painkiller


Also found in: Dictionary, Thesaurus, Legal, Idioms, Encyclopedia, Wikipedia.

painkiller

(pān′kĭl′ər)
n.
An agent, such as an analgesic drug, that relieves pain.

pain′kill′ing adj.

painkiller

, pain killer (pān′kil″ĕr)
A colloquial term for a medication or a procedure that decreases a patient's discomfort caused by pain or alleviates hurtful or unpleasant sensations.
References in periodicals archive ?
Painkillers were a major breakthrough in modern medicine - but must be treated with caution.
Painkillers' effects on germ cells are likely caused by their actions on molecules called prostaglandins, which have key functions in the ovaries and testes, the researchers found.
In her report, the GP said: "I prescribed him Co-codamol and we had a discussion because he was concerned about the amount of painkillers he was already taking."
A majority of respondents said their providers discussed the possibility of addiction or dependency, though 61 percent said there was no planning for tapering off use of painkillers. Fifty-seven percent said painkillers have improved their quality of life, while 16 percent said the drugs have worsened quality of life.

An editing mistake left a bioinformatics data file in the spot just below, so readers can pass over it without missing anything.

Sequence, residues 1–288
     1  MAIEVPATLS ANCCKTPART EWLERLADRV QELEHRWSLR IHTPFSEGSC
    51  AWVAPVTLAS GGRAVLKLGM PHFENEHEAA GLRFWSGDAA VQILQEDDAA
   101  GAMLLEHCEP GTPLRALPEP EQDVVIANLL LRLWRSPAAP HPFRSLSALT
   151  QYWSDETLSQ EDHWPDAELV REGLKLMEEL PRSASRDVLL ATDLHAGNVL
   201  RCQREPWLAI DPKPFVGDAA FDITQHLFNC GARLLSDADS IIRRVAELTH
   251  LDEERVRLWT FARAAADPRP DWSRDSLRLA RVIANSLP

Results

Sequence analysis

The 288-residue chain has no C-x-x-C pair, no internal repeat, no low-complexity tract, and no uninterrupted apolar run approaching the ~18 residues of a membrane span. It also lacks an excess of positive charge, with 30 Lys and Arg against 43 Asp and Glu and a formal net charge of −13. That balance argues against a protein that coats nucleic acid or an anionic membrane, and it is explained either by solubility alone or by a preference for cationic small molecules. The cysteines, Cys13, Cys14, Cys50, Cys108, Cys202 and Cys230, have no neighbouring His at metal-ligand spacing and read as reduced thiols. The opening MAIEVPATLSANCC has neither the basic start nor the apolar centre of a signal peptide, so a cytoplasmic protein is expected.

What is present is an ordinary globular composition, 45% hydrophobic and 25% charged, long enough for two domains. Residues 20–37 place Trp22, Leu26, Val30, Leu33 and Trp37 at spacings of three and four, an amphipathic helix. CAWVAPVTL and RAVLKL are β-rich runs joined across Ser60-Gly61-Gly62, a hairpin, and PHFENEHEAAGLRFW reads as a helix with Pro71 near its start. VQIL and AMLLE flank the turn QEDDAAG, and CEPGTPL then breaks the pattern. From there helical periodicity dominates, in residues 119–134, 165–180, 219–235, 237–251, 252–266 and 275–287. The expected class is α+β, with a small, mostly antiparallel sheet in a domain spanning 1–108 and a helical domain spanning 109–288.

WASHINGTON -- Health care providers wrote 259 million prescriptions for opioid painkillers in 2012--many more in some states than in others--according to a report released last month by the Centers for Disease Control and Prevention.
* Women are more likely to have chronic pain, be prescribed prescription painkillers, be given higher doses, and use them for longer time periods than men.
But Shumlin did issue emergency rules making it harder for physicians to prescribe the most powerful painkillers.
But for day-of-period headaches, take a painkiller like Feminax Ultra containing naproxen (PS4.55 for nine), designed to limit prostaglandin release, which is thought to play a part in triggering migraines.
Painkillers can be used to ease symptoms and you can also do things at home to help your child such as placing a warm flannel against the infected ear.
"Some people use a painkiller to cure a toothache that they've had for a long time instead of going to a dentist to find out what causes the pain.
ALMOST two in five painkiller users need medication just so they can go to work, a healthcare charity has said.